Rscript getMe_DESeq2_counts.R --input counts_matrix.txt --coldata coldata.txt --output requiredCounts.txt


By this, I don’t need to open Rstudio to get things done.

#### Frequently discuss your work with an experienced biologist

The results you get at the end of the analysis are overwhelming. Make use of online over-representation / enrichment tools (in case if it is a gene list) to get a quick idea of what is there in your data and discuss it with a biologist. An experienced biologist might see what you are not seeing from the data. Whatever that is coming out of the analyses, at the end it should make biological sense.

#### Visualize your data like a pro

Learn what type of plot to pick (and not to pick) depending on what you want to show.

E.g., a venn diagram with more than 4 circles is a not a good plot. No one wants to track the numbers displayed on these plots. Instead one can use upset plots to represent the same data.

From the following two plots, which one do you more likely to read?

(P.S. I used intervene tool to generate these figures)

Whatever the programming language you use (though I strongly suggest R or python), master the best modules/libraries for data visualization. All the plots you generate in a project will not go into your manuscript. On the other hand, you never know which one you will include at the end. While generating a plot, spend few extra minutes decorating the axis labels, axis ticks, title and other parameters of a plot. If you are using R ggplot2, write your own theme (Here is how) and use it for all the plots you generate for a project.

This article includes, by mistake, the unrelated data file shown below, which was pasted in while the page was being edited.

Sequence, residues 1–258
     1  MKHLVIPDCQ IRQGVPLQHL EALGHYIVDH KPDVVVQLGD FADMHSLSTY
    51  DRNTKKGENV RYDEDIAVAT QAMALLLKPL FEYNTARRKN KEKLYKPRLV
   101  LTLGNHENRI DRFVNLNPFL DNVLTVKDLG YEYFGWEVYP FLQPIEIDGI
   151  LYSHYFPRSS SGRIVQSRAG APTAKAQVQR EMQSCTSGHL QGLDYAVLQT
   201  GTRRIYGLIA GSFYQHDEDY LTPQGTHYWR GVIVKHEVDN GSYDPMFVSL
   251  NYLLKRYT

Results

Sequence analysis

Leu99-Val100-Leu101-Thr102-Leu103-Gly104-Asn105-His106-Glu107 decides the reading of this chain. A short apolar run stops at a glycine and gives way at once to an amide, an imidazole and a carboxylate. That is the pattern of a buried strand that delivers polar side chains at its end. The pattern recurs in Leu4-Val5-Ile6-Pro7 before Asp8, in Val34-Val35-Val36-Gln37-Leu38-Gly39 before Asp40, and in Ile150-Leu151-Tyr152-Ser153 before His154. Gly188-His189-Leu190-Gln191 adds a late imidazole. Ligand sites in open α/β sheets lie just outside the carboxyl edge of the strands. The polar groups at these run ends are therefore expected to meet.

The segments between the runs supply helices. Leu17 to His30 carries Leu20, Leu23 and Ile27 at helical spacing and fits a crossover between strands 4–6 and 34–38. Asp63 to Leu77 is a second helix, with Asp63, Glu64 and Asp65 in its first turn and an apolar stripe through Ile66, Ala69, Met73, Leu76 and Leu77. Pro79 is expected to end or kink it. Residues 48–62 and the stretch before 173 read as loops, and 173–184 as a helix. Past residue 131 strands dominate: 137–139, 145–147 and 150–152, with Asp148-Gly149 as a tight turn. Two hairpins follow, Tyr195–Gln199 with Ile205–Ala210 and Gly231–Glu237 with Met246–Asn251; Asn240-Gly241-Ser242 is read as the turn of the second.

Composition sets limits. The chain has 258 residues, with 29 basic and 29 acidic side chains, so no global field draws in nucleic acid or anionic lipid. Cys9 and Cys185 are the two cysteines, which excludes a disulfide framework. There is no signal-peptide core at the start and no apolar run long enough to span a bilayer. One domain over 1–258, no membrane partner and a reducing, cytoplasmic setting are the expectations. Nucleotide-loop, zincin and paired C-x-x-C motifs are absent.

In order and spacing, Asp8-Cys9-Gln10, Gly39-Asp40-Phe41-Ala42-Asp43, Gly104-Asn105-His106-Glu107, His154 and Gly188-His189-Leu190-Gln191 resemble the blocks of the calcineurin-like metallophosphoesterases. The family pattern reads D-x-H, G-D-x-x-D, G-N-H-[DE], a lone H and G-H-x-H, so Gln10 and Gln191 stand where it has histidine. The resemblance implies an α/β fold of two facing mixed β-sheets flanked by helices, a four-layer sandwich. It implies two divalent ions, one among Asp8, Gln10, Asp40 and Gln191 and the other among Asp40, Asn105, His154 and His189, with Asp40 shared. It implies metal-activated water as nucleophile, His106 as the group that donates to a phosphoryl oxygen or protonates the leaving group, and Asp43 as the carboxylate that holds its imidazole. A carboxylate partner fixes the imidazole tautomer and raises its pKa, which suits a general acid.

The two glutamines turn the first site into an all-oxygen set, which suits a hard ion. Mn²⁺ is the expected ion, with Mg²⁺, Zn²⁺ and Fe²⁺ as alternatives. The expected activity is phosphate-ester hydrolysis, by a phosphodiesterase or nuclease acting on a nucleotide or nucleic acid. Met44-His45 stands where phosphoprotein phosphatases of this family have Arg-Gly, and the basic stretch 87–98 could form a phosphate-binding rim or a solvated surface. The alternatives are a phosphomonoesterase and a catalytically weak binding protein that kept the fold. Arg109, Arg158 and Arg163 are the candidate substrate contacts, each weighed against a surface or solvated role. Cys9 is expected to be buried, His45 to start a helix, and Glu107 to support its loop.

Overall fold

Here is an engaging book to get you started on Data Visualization - http://serialmentor.com/dataviz/

#### Try to work with standard file formats

I used to generate intermediate files from the standard files (meaning, file formats most tools accept/generate) to work with. Believe me, I will not recommend this in my worst dreams. Generating intermediate file formats is not ideal (except in some rare cases), unless you are writing a generalized pipeline to use all the time. It is highly likely that you will forget that file format after a few months and it is time consuming to go through your old scripts and finding out what you did there.

#### Document it. Document it. Did I say “Document it”?

I emphasized the significane of documentation in one of my previous blog posts - A note to my six months younger-self

Sometimes it may be boring but remember you will have to dig through your folders to find the script you wrote to generate that figure. Don’t you think it is better to spend some time on a daily basis or immediately after the analysis to document what you did? It is, absolutely.

Documentation is a love letter you write to yourself - Anonymous

Few days back, I came across the following tweet by Ming Tang which said,

This is a very good advice. When you are documenting the details, you are writing the first draft of the methods section of your paper.

Become a member of open bioinformatics communities such as biostars.org, r/bioinformatics, SEQanswers. Answer and follow questions relevant to you. Observe what views other people in the community have on a question. This broadens your knowledge on the topic. This will not only useful to enhance your expertise on the subject, but also adds weightage to your CV.

Let me share my story. I’m an active member of biostars community. In my PhD interview, I included a slide with my biostars profile and explained what the community is about and what I do. I would definitely say this added a few points to my application. (BTW, I got that PhD position).